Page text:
A general guide for bringing or defending a ‘small claim’ at Court

This article provides a brief guide to assist you with understanding the court process’ for bringing a small claim at Court. The dispute resolution team at Chadwick Lawrence deal expertly with a vast range of both private and personal disputes and aim to provide a friendly, cost effective and professional service to help guide you through the legal procedures.

If a claim has been issued with the Court and the defendant defends this claim, the claim can either be settled or proceed and go to a hearing for the Court to resolve the dispute. Prior to reaching a hearing at the Court, each case has to be allotted to a “track”. This track represents the process which a claim has to go through before a final hearing and how the Court will deal with the claim.

What is a small claim?

A small claim is a case that has been allocated by the Court to the small claims track in the County Court.

There are three different ‘tracks’ known as the small track, fast tack and multi-track. These tracks are allocated accordingly depending on the value and complexity of the case.

The track allocation applies to ‘civil claims’ and will not involve cases concerning criminal, family or insolvency law.

Small claims are usually lower value civil cases, rather than disputes of complexity or high value. When the court is deciding if a case is suitable for the small claims track, usually two things will be considered;

  1. The financial value of the case

If the value of the claim is £10,000 or less, it will generally be allocated to the small claims track. However, there are exceptions which apply to Personal Injury Claims and Landlord and Tenant disputes.

  1. The complexity of the case

If the case is of low value but could be regarded as complex, a directions questionnaire will be submitted by both the Claimant and the Defendant which illustrates to the Court the issues and complexities of the case, a Judge may then direct that the case needs to be dealt with on another track for a full hearing.

The Civil Procedure Rules 1998 (‘CPR’)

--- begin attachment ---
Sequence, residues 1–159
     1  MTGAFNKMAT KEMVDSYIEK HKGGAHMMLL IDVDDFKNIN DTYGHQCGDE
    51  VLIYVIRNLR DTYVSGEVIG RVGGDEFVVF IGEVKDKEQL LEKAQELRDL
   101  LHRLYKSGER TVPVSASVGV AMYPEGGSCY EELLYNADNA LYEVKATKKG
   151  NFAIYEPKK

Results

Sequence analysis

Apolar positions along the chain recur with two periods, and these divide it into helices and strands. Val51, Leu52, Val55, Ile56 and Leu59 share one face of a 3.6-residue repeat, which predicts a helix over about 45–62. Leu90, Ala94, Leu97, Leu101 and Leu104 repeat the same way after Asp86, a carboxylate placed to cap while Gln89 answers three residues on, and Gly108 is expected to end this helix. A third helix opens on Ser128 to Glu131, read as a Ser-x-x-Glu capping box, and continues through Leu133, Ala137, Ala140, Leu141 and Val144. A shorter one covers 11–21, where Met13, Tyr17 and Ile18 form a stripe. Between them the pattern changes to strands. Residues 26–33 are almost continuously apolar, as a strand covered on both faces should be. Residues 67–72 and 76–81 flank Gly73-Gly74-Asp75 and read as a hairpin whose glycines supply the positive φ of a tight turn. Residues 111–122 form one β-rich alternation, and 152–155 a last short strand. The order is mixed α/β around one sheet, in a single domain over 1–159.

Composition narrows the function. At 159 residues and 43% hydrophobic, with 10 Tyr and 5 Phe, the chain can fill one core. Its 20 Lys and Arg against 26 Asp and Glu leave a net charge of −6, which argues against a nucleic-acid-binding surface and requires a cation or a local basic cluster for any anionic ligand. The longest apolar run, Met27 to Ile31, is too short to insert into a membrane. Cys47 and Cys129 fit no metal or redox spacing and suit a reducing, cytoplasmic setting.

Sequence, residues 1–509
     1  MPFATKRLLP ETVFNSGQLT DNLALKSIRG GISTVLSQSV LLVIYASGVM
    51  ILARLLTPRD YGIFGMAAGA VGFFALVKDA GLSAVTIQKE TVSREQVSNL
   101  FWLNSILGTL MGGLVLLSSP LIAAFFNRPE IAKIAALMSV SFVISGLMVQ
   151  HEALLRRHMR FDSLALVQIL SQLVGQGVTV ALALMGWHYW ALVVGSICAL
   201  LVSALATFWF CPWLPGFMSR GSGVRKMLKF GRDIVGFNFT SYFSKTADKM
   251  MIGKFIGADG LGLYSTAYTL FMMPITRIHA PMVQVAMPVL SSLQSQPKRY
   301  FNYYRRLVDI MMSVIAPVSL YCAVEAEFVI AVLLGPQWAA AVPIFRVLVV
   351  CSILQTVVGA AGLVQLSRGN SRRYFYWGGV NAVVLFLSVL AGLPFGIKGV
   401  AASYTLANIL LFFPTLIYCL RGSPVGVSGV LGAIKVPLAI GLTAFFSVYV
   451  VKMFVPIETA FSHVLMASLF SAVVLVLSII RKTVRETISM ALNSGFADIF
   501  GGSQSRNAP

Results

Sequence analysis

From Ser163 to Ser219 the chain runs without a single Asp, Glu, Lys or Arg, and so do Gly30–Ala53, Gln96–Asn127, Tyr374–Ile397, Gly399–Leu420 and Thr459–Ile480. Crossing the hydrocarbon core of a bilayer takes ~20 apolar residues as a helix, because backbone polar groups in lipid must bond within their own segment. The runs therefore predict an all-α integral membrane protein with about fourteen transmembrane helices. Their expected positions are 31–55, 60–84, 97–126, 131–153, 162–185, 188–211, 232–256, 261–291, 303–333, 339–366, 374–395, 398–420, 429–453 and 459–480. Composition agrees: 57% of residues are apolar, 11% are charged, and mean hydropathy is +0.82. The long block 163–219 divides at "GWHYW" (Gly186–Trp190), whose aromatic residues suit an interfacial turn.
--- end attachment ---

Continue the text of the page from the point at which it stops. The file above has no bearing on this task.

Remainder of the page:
In order to make a claim there are specific Court rules that must be adhered to, these are known as the Civil Procedure Rules and provide ruling as to how claims must be dealt with. If you do not follow these rules accordingly cost sanctions can be applied and/or your case could be ‘struck out.’ This means that the Court has dismissed your claim entirely and will no longer deal with your claim.


It is generally quicker and more cost effective to bring a claim on the small claims track, as there is no need for substantial pre-hearing preparation and the formalities of a traditional trial. However, there are usually three types of expenses involved in bringing court proceedings;

  1. Court fees will apply and are dependant upon the value of the case. The HM Court Tribunals Service details the fees applicable to various claims. In most cases, if you are successful and win a small claim, the Court can direct that the opposing party reimburse your court fee.
  2. Legal costs for instructing lawyers to deal with your case for you. If a case is allocated to the small claims track, usually each party will have to bear their own legal costs and it is very unlikely the Court will order these to be recovered from the losing party. The Court can order that if the losing party has acted unreasonable in the proceedings that they should be liable for the legal costs incurred by the successful party.
  3. Some disbursements may apply if applicable to your case. If the Court allows for expert evidence to be obtained, fees may be incurred if your case relies upon an expert witness and therefore you will need to incur these costs. If you win a small claim, the other party will generally be ordered to reimburse these for you.

Are there other options available as an alternative to Court?

Before issuing a claim with the Court it is useful to weigh up the options available to you and court proceedings should be viewed as a last resort. The CPR rules provide further rulings in the Pre – Action Conduct and Protocols which direct that reasonable attempts must be made by the Claimant before a claim is issued.

Some other options to consider may be:

  1. Doing nothing – it is useful to consider whether or not a cause of action is necessary. Even if you are successful at Court and obtain a Judgment against your opposition there is no certainty that you will secure the amount awarded. Always consider whether the other party is worth suing in an attempt to save you unrecoverable time and expense.
  2. Corresponding with the opposition – usually by written form known as a ‘letter before action’ to try resolve the issue.
  3. Mediation – this process is known as ‘Alternative Dispute Resolution’ whereby an independent third party will be instructed to assist you in discussing your dispute with the opposition.

What next?

Should you require expert assistance, our specialist lawyers in the Dispute Resolution department at Chadwick Lawrence would be delighted to discuss matters with you to allow them to gain a complete understanding of how we can assist with you.